The Lowdown on Activated Charcoal – The Benefits
What is Activated Charcoal?
You might have heard about activated charcoal and all its helpful benefits. It’s one of the most popular types of natural remedies available in the market. A lot of doctors rely on it to alleviate numerous problems involving the digestive system, and even major industrial corporations use it to ensure better production quality. So, all the hype might lead you to ask, what is activated charcoal? Read on if you want to find out.
Activated charcoal starts out as regular coal – the exact same type used for barbecues. As you may already know, charcoal can be produced from different materials apart from wood. Some of the most economical starting materials used to produce charcoal are sawdust, peat, bone char, coconut shells and petroleum coke.
Although both types are created using similar materials, what makes activated charcoal special is the activation process it goes through. In order to thoroughly understand this substance, you have to be familiar with the process it goes through and what this particular oxidation process does to the carbon. So, instead of simply asking what is activated charcoal, it’s better if you ask about the nature of the activation process, what kind of change takes place during, and how the physical change in carbon affects its nature.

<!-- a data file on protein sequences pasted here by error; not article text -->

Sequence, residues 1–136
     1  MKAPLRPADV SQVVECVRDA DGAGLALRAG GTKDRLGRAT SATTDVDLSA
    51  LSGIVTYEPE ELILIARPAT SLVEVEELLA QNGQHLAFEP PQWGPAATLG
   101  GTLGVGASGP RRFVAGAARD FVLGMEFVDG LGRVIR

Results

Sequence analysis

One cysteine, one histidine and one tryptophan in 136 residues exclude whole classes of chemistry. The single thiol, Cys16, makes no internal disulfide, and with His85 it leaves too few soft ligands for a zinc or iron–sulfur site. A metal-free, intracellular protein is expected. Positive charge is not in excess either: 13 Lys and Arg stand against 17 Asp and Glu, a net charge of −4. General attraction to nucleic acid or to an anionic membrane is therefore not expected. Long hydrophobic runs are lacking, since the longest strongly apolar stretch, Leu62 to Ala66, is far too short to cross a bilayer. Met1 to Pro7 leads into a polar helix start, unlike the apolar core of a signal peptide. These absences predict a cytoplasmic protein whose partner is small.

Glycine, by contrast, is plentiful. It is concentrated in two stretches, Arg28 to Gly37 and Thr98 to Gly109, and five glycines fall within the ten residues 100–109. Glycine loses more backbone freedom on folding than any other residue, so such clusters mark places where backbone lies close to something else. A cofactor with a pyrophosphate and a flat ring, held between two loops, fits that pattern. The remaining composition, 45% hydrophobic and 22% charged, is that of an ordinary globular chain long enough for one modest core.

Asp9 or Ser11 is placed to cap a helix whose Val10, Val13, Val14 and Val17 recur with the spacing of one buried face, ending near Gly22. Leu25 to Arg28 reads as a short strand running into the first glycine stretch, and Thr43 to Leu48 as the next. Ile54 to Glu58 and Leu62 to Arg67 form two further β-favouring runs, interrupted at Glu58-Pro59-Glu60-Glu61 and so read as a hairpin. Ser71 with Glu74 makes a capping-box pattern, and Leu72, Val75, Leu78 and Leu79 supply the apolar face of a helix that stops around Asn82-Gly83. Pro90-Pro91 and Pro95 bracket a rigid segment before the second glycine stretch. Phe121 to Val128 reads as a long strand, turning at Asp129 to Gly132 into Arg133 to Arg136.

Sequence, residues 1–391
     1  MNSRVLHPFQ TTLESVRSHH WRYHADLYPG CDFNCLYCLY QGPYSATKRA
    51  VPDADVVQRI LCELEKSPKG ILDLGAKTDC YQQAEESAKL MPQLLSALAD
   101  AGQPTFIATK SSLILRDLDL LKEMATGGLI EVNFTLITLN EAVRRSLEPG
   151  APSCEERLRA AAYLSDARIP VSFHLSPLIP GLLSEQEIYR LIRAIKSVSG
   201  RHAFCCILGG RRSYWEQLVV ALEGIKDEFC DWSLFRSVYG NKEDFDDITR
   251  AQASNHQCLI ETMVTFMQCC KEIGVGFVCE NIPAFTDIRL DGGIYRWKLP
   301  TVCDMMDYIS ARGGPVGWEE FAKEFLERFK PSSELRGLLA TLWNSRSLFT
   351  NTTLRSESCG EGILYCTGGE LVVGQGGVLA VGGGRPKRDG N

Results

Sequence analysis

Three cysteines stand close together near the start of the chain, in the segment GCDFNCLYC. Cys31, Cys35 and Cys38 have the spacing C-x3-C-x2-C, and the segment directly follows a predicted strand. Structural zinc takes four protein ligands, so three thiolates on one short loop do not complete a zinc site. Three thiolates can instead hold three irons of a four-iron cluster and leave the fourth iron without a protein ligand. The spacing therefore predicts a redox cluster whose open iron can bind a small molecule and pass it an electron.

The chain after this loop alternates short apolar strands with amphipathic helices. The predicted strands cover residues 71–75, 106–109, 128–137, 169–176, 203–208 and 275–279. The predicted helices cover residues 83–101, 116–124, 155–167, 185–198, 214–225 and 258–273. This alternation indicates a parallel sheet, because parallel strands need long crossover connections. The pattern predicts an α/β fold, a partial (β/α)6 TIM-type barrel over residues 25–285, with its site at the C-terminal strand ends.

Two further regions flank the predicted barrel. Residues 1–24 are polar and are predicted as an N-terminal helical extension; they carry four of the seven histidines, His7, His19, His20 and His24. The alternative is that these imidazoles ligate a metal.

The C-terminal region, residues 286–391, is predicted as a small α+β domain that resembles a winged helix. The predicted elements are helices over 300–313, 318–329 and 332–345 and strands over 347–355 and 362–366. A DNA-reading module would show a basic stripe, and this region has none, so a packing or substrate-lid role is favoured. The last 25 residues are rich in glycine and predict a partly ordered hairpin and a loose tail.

To answer these questions, the coal goes through an oxidative process that mainly involves exposing the substance to steam/air at high temperatures. This erodes the coal’s internal surface and creates an additional network of smaller pores that increases the substance’s adsorption capacity. Once the process is done, the activated carbon becomes three times more efficient as regular charcoal in terms of its capability to adhere to various solids and toxins.
The end result basically looks like fine black powder. Due to its increased surface area and adsorptive capacity, activated carbon is used for various reasons. It is mainly used by industrial companies as well as medical laboratories. Doctors use it to treat poisonous spider and insect bites and various digestive problems. In some cases, doctors also use activated carbon to help lower cholesterol in patients. For medical reasons, activated carbon is made available in powder or in liquid form. To avoid experiencing any harmful side effects, patients should take it with proper dosage and with plenty of water.
The activated carbon’s increased adsorptive capacity is also useful in gas and chemical purification. It’s even used in several environmental applications, such as spill cleanup and water filtration.
There are more applications that require activated carbon. Although this article provides only a short glimpse of the entire complex process of oxidation, it can already clue you in as to what is activated charcoal. The substance’s main importance and relevance depends entirely on its increased surface area and adsorptive capacity.